This is a great option for those looking for an affordable printer that can handle ABS filament. The printer has a heated build plate and fan cooling, ensuring that your prints come out correctly every time.

MakerBot Replicator+

All about ABS filament (plastics) - features, requirements

MakerBot Replicator+ Image source:3Dbeginners

If you’re looking for a high-end option, this is definitely worth considering. This printer has a large build volume, as well as dual extruders and a heated build plate, making it perfect for printing with ABS filament. It also has Wi-Fi connectivity and an onboard camera, so you can keep an eye on your prints from anywhere.

Sindoh DP200

All about ABS filament (plastics) - features, requirements

Sindoh DP200 3D printer. Image source:All3dp

If you’re looking for a printer that’s designed specifically for ABS filament, the Sindoh DP200 is a great option. It has a heated build plate and dual extruders, ensuring perfect prints every time. Plus, it comes with an easy-to-use touchscreen interface, making it easy to navigate even if you’re not familiar with printers.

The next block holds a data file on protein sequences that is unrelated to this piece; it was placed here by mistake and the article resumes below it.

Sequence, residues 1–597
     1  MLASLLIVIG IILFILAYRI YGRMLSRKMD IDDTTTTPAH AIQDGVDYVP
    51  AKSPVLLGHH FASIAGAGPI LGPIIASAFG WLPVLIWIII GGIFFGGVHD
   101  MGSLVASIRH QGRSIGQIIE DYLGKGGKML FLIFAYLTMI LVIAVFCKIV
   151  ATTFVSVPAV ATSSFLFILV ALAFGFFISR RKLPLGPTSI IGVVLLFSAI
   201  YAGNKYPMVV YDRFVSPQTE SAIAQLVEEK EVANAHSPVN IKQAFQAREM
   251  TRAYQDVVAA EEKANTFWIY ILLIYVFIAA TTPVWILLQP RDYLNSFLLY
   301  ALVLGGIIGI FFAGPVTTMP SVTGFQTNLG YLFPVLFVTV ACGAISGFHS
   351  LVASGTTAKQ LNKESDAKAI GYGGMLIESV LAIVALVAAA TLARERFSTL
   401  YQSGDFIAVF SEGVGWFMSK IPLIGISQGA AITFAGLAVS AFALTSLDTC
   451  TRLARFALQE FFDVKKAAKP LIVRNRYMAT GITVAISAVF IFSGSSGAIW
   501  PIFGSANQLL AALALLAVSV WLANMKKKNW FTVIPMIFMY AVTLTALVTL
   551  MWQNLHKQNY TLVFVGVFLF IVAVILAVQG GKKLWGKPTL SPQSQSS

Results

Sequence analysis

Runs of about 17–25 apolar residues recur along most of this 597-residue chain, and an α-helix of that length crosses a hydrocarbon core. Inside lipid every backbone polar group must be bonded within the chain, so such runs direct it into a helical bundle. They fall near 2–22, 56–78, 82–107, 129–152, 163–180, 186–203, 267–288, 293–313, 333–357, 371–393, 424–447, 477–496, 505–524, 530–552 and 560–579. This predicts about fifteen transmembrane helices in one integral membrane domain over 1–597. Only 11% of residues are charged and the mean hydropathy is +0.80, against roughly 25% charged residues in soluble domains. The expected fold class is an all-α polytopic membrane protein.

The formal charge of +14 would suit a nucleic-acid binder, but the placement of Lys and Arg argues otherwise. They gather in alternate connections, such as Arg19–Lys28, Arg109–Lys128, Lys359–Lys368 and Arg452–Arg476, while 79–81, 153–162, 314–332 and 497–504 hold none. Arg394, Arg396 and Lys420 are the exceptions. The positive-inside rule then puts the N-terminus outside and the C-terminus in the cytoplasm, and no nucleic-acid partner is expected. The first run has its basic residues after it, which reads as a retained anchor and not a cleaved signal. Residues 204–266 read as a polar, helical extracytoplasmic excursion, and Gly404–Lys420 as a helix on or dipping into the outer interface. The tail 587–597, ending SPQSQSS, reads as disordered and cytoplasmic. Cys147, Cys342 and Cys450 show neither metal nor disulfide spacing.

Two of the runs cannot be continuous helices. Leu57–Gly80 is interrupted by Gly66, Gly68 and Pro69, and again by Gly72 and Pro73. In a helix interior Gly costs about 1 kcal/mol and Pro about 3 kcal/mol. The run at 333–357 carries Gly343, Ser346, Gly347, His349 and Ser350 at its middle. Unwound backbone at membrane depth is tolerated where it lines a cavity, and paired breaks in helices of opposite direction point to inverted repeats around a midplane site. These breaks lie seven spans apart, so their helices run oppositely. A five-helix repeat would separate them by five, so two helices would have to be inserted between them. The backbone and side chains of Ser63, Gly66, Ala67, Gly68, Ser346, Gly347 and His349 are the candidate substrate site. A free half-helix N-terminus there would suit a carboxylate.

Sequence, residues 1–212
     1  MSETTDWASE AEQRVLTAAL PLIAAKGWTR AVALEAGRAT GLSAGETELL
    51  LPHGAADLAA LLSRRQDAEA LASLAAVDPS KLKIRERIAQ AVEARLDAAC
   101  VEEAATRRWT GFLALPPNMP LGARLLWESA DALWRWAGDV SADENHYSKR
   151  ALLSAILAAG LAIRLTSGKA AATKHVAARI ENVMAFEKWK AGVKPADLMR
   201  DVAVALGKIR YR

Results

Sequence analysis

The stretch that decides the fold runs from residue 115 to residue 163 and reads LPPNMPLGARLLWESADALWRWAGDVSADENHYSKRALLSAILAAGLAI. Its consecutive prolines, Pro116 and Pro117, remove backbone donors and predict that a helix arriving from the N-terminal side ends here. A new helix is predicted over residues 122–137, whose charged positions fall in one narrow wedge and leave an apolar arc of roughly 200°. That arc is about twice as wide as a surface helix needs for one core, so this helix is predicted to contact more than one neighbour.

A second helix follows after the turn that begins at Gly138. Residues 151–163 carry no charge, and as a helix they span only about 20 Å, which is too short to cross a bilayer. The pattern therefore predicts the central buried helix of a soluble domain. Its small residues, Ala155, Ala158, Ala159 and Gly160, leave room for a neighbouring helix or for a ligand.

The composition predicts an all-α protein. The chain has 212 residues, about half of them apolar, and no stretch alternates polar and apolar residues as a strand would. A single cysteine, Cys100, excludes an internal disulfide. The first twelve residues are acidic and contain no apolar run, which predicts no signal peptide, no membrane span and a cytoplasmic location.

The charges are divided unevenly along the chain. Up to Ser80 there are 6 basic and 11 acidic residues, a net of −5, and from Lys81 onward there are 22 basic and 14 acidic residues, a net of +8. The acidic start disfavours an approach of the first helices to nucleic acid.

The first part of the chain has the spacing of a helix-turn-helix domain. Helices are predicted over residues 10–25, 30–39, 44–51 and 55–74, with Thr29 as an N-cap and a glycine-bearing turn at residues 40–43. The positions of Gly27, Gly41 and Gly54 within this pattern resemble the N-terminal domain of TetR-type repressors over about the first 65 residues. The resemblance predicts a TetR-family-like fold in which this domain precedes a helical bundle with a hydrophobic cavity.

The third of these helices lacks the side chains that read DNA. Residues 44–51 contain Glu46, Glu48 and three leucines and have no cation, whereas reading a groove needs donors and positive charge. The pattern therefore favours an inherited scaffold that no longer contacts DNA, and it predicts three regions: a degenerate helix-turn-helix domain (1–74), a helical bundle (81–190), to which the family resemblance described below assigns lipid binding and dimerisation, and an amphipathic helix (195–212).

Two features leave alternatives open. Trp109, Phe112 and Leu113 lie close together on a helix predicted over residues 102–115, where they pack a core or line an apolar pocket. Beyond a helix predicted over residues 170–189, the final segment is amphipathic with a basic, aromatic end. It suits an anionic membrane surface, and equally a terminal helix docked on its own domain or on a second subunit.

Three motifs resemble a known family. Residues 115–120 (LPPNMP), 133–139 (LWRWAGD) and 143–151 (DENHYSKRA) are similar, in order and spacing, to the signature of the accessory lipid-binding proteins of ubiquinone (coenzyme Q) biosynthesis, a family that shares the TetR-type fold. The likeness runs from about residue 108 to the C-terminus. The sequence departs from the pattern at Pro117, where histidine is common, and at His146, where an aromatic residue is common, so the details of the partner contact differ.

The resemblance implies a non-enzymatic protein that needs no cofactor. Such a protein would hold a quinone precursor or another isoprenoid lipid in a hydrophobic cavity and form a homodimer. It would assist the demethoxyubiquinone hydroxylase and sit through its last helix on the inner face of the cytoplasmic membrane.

These are just a few of the best printers for printing with ABS filament. Be sure to do your own research to find the perfect printer for your needs.


PLA vs. ABS: What’s the Difference?

PLA and ABS are two of the most common types of filament used in Fused Deposition Modeling (FDM) printers. They are both thermoplastics, meaning that they melt and can be molded when heated, and they come in a variety of colors. However, there are some key differences between PLA and ABS that you should know before choosing which to use for your prints.